As a sub-editor by trade, some time ago my interest was piqued by the unveiling of Brisbane artist Joseph Breikers’ publicly-funded sculpture of a three-storey wooden outdoor toilet recently.

‘Artist’s career in the toilet’, ‘Flushed with success of sculpture’, ‘Game of thrones’ were some of the early contenders for headline material.

The work, bafflingly titled Qaphqa, was bolted to a wall on the outside of the Institute of Modern Art in Brisbane’s Fortitude Valley.

My initial reaction as a resident of the Valley was one of disappointment at seeing perfectly good toilet infrastructure squandered in this way: I have more than once lamented the dearth of 24-hour public toilets within reasonable walking distance of the city’s unique council-designated ‘entertainment precinct’ (as evidenced by a search on the National Public Toilet Map app).

But on another level, an article on the piece in Brisbane’s Courier-Mail got me thinking. It featured a quote from the man who commissioned Qaphqa, IMA director Robert Leonard, who said of the ‘instantly gettable’ work:

“We encourage people to look at it and use it for photo opportunities but not as a toilet. It is art although as it was being made some rednecks went past and shouted out ‘That’s not art!’ which seemed to suggest they had already identified that it was.”

At the end of the yarn, Breikers himself reiterated, “I am happy for people to sit on the toilet and have their photo taken but hope they won’t actually go to the toilet.”

Of course, Leonard and Breikers are right to assume that public art has a way of bringing out the inner child/baboon in all of us.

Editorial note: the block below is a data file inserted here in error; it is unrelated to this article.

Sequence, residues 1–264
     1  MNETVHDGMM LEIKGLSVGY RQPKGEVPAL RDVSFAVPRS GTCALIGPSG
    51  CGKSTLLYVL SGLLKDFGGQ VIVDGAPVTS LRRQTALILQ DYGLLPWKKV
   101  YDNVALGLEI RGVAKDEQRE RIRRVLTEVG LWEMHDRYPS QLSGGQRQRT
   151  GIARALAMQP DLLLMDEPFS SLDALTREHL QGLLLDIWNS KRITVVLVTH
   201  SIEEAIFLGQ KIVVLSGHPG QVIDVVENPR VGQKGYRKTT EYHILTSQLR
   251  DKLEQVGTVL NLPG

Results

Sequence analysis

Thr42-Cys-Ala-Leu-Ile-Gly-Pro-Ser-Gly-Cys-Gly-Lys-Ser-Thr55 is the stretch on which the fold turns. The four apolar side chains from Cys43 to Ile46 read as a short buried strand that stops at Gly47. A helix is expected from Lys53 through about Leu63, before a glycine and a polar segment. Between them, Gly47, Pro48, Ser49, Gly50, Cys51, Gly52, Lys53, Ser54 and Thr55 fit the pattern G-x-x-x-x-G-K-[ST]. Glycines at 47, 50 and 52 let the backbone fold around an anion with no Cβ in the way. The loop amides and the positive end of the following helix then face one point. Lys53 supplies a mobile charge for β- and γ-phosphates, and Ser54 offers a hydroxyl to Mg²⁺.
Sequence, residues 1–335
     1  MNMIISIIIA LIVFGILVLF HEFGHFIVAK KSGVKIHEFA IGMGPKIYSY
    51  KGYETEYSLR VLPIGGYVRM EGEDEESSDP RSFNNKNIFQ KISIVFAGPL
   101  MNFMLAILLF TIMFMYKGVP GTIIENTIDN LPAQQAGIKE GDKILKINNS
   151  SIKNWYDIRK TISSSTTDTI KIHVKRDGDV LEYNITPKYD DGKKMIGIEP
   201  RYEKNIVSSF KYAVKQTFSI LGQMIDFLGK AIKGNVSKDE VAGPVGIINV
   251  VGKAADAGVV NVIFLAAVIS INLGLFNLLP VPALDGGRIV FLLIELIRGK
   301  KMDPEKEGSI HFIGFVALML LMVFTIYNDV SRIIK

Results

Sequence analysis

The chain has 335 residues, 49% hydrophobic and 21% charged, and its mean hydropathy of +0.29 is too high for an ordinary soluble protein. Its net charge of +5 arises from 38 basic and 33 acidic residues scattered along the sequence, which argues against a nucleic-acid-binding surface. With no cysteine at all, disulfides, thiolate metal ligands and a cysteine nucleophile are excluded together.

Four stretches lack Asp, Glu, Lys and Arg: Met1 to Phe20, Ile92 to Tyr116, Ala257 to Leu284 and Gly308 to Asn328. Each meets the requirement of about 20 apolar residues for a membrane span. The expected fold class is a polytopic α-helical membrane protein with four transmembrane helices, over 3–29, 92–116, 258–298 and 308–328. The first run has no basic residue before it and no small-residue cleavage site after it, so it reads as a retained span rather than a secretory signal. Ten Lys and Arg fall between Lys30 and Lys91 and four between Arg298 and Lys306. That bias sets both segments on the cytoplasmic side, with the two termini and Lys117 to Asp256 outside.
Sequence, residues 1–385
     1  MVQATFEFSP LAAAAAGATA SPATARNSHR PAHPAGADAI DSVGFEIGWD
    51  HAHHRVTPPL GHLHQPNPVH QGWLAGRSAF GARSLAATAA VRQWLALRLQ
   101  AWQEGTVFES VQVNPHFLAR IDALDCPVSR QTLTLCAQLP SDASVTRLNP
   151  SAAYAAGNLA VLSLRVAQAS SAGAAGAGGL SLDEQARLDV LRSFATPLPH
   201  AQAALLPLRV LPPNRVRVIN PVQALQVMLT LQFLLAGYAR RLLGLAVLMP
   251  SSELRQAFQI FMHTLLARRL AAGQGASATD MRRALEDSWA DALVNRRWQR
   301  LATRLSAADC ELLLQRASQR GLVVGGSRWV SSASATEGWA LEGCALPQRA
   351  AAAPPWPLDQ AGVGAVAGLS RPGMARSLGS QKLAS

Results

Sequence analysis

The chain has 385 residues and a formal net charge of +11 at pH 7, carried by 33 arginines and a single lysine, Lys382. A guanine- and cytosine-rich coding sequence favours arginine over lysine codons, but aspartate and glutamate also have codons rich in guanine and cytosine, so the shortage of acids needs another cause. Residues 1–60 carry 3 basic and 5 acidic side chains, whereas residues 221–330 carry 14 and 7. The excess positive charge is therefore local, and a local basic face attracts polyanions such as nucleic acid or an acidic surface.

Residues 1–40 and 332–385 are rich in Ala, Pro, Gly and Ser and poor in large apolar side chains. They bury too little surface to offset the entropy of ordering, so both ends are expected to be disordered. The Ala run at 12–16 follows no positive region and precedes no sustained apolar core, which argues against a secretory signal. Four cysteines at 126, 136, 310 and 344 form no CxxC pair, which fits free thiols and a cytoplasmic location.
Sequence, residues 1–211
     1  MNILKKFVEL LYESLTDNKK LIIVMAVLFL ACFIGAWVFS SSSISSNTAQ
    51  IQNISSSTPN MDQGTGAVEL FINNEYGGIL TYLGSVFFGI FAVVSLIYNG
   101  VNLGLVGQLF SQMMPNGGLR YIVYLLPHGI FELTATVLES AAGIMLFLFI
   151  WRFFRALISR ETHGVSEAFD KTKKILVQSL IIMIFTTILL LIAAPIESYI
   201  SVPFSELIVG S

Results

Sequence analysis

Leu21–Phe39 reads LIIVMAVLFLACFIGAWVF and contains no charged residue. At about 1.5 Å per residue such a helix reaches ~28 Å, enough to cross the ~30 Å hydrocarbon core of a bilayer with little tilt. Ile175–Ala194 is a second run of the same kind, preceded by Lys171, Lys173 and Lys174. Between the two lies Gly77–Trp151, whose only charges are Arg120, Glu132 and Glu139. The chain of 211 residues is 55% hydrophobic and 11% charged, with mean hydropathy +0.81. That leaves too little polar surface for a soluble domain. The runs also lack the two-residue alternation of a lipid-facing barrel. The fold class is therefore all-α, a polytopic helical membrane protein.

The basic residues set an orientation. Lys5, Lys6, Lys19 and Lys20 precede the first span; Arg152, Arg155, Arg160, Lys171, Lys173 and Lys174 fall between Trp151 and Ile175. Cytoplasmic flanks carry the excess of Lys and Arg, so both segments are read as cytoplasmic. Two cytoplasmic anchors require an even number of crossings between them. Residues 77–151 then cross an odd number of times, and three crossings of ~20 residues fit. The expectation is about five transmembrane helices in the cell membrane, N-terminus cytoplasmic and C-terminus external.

Art dude Jeriah Hildwine talks about how unsurprising it is that the first thing people do on seeing Seward Johnson’s giant sculpture Forever Marilyn, her skirt billowing, is to try to look up her dress.

Let’s face it: this sort of behaviour is par for the course when there’s so much to poke fun at in the realm of public art. I love the way that bad public art in particular—such as the questionable marble likeness of the legendary Steve Irwin and family on Mooloolaba esplanade or the so-bad-it’s-brilliant Running of the Cutter in the main street of Mt Morgan (both in Queensland: do I see a pattern here?)—has an almost magical capacity to instantly democratise the critical process – a process that’s increasingly well served these days by the forum of social media.

Witness Matt Saraceni’s response to Patricia Piccinini’s gigantic Centenary of Canberra Skywhale. Created largely with taxpayer funds, its maiden voyage was above the National Gallery of Australia in May. The work is the centrepiece of his online articleThe Worst Public Art in Australia, in which he calls it “an enormous hot-air balloon shaped like a whale with giant tits” and accompanies his assessment with a photo helpfully captioned, ‘Moby Tit’. While Saraceni feels compelled to include a disclaimer that he’s sure there’s something he’s just not getting, surely the whole point of moving art from the galleries out into the public sphere is so that Leonard’s ‘rednecks’ can engage with it on a critical level and not just be passive drones?

I mean, hello, we’ve kind of moved on from the old ‘magic bullet’ model of audiences, right?

The polarising ‘us versus them’ attitude betrayed by Leonard and Breikers’ anticipation of a worst-case-scenario reaction to a sculpture of a dunny—regardless of whether it’s motivated by the desire to vandalise, a result of pure childishness or simply a desperate need to go to the toilet—turns people’s reaction to public art into a kind of a self-fulfilling prophecy, a situation articulated no better than by British sculptor Anish Kapoor in the Sydney Morning Herald late last year:

“If you’re going to make a public object you need to engage public space … It cannot just be an emblem on the lawn. It cannot be just a fat turd on the lawn.”

Toilet humour is ‘instantly gettable’, something Leonard rightly alludes to in his summation of Breikers’ piece in the Courier-Mail story It’s lowest-common-denominator stuff: give us something to poke fun of and chances are we will. On the other hand, give us something that doesn’t insult our intelligence and it might just raise the bar for public art in general.

God knows, us ‘rednecks’ need to be educated.

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